SQL antipatterns:  SELECT DISTINCT

Published on August 9, 2022
Updated on June 5, 2024

The DISTINCT operator

The DISTINCT operator is used to eliminate duplicates in a resultset, e.g. we can use it to identify the unique number of customers who made a purchase.

We run the following query against the Sample Data provided with Snowflake data cloud platform.

This is a table from the 10 TB TPC-DS sample data that ships with Snowflake. We ran the query with an M virtual warehouse.

The query returns 65M unique customers who made a purchase

It took 220s to run this query. It returned ~96GB and it spent 27% of its time on Processing. In other words, time spent on data processing by the CPU.

As you can see DISTINCT is an expensive CPU (and also memory) intensive operation.

SQL DISTINCT algorithms

Under the hood the database and the Cost Based Optimizer use various algorithms to identify a unique set of values in a list.

  • A simple algorithm runs two nested loops. For every element, it checks if it has appeared before. If it hasn’t then we add the value to the unique list. This is very inefficient.
  • We can use sorting to make the algorithm more efficient. First sort the input so that all occurrences of every element are ordered. We can then traverse the sorted input to identify each unique element.
  • Another efficient algorithm would be to use hashing. We can traverse the input and store the unique values in a hash table and then use a lookup.

Let’s go through some examples to illustrate this

In this scenario we select the unique number of various attributes from the STORE_SALES table

Column nameSizeUnique recordsCluster KeyQuery timeCPU time
ss_store_sk46 GB751N65s4%
ss_sold_time_sk64 GB46KN136s8%
ss_item_sk53 GB403KY85s3%
ss_hdemo_sk54 GB7.2KN105s5%
ss_customer_sk96 GB65MN220s27%

We can see the following patterns:

  • The query and CPU time increases for queries where the column cardinality is high (more unique values), e.g. ss_sold_time_sk versus ss_hdemo_sk. For ss_customer_sk where we have 65M unique values the query spends 27% of time on CPU processing.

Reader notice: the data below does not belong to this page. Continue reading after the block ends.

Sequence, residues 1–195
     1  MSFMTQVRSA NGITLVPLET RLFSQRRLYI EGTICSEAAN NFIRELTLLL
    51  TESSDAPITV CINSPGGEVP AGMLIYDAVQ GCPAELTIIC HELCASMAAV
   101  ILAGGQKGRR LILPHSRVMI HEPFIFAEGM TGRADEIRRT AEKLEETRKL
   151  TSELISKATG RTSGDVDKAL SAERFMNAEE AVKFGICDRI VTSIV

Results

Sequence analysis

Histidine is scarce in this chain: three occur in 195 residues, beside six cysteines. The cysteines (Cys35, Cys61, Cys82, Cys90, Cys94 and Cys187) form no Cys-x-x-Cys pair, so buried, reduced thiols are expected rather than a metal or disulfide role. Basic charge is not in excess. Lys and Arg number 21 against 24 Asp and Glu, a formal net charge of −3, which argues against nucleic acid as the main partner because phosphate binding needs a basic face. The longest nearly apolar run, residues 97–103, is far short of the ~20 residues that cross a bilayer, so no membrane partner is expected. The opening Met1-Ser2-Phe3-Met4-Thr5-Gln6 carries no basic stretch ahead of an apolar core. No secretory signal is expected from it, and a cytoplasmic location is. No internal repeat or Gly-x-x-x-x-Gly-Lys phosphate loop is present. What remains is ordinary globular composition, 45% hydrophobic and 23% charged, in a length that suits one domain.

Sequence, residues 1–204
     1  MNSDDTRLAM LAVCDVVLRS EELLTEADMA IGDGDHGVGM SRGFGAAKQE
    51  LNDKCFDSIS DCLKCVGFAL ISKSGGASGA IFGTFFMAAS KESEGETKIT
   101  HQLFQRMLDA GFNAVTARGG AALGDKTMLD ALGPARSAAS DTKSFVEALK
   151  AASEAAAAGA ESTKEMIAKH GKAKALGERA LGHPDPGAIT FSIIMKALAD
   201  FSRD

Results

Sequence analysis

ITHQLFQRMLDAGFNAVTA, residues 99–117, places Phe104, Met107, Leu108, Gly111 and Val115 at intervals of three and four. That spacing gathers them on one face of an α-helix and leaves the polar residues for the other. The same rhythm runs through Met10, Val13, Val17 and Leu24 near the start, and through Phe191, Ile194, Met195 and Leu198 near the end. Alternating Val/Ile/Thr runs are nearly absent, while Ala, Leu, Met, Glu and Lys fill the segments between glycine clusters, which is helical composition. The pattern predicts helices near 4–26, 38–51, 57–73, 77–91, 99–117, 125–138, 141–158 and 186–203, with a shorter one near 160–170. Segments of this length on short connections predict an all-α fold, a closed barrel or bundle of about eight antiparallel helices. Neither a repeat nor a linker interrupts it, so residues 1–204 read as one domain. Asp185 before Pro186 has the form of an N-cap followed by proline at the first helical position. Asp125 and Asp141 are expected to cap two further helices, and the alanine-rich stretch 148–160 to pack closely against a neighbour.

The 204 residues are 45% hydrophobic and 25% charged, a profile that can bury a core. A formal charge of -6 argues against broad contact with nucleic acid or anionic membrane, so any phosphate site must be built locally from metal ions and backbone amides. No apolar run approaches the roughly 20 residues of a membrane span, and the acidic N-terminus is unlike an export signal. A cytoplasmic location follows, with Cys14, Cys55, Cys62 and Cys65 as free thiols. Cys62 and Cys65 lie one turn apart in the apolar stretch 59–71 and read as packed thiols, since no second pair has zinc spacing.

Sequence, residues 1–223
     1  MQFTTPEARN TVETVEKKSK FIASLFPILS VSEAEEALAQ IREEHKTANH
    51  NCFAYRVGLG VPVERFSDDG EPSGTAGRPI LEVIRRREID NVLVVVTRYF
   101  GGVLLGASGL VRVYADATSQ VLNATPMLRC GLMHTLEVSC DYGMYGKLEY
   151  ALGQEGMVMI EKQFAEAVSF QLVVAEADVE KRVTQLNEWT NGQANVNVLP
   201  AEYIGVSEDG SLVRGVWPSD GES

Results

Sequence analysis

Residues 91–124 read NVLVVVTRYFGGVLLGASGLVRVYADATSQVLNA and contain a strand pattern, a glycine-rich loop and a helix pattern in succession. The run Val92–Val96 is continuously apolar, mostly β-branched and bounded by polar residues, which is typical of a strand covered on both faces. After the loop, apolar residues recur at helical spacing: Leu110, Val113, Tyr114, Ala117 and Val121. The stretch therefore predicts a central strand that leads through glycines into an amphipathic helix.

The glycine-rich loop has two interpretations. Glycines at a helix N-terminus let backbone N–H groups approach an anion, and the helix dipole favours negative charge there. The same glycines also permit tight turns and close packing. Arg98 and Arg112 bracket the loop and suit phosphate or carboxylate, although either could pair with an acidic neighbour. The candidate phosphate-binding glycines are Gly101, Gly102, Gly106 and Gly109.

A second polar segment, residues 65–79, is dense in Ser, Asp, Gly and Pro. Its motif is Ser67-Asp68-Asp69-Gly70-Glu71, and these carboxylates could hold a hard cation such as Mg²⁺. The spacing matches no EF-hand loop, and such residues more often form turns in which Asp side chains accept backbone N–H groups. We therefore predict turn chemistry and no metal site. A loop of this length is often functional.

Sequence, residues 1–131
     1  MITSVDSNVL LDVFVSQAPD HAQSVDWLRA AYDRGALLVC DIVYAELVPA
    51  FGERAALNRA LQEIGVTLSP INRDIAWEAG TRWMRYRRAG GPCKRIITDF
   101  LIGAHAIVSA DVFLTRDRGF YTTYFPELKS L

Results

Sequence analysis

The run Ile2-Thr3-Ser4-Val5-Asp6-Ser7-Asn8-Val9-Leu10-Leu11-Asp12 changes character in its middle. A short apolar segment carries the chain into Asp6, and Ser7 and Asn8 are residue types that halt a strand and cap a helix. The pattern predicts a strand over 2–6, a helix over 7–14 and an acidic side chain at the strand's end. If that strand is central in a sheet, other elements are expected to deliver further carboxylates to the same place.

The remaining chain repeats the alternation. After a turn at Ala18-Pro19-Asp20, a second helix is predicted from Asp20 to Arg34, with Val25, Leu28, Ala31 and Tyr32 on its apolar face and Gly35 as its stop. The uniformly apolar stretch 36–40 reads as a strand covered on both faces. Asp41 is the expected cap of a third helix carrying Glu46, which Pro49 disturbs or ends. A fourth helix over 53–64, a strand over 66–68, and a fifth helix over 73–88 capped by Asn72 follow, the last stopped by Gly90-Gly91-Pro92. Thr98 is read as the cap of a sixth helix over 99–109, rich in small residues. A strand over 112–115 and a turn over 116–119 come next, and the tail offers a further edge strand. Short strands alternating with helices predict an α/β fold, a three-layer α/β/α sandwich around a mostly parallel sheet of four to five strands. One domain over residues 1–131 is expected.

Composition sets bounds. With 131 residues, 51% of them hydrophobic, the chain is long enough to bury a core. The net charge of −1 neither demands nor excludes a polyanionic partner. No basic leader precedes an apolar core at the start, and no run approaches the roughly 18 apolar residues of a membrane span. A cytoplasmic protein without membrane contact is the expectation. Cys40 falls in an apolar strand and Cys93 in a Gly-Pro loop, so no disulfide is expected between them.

• The query and CPU time increases for queries where the column is not part of a cluster key. A cluster key in Snowflake presorts the result, e.g. ss_item_sk runs in 85s versus 105s for ss_hdemo_sk. ss_item_sk has 56x more unique values than ss_hdemo_sk. So despite having a multiple of unique values it executes faster and uses less CPU time.


We can rewrite a SELECT DISTINCT query as GROUP BY.

Instead of

We can write

The two queries generate the exact same explain plan and take the same amount of time to execute.

I recommend using the DISTINCT version as the intent of the query is clearer and more obvious. GROUP BY tells the user to expect an aggregation. DISTINCT tells the user to expect a unique list of values.

SELECT DISTINCT anti patterns.

Apart from being an expensive operation DISTINCT is also widely used incorrectly by SQL developers and analysts.

From my own experience, using DISTINCT is an issue in 99% of query scenarios and typically associated with these types of problems:

  • Data quality issues in the underlying data
  • Data quality issues because of a badly designed data model
  • Mistake in the SQL statement, e.g. Join or Filtering
  • Incorrect usage of SQL features

DISTINCT and data quality issues

You may have a duplication or multiplication of values in your tables, e.g. the same customer record exists multiple times in your Customer table.

Bad data model

You may get duplicates because the data model has been designed badly, e.g. the Customer table was denormalised to also include one or more email addresses.

1Sonra[email protected]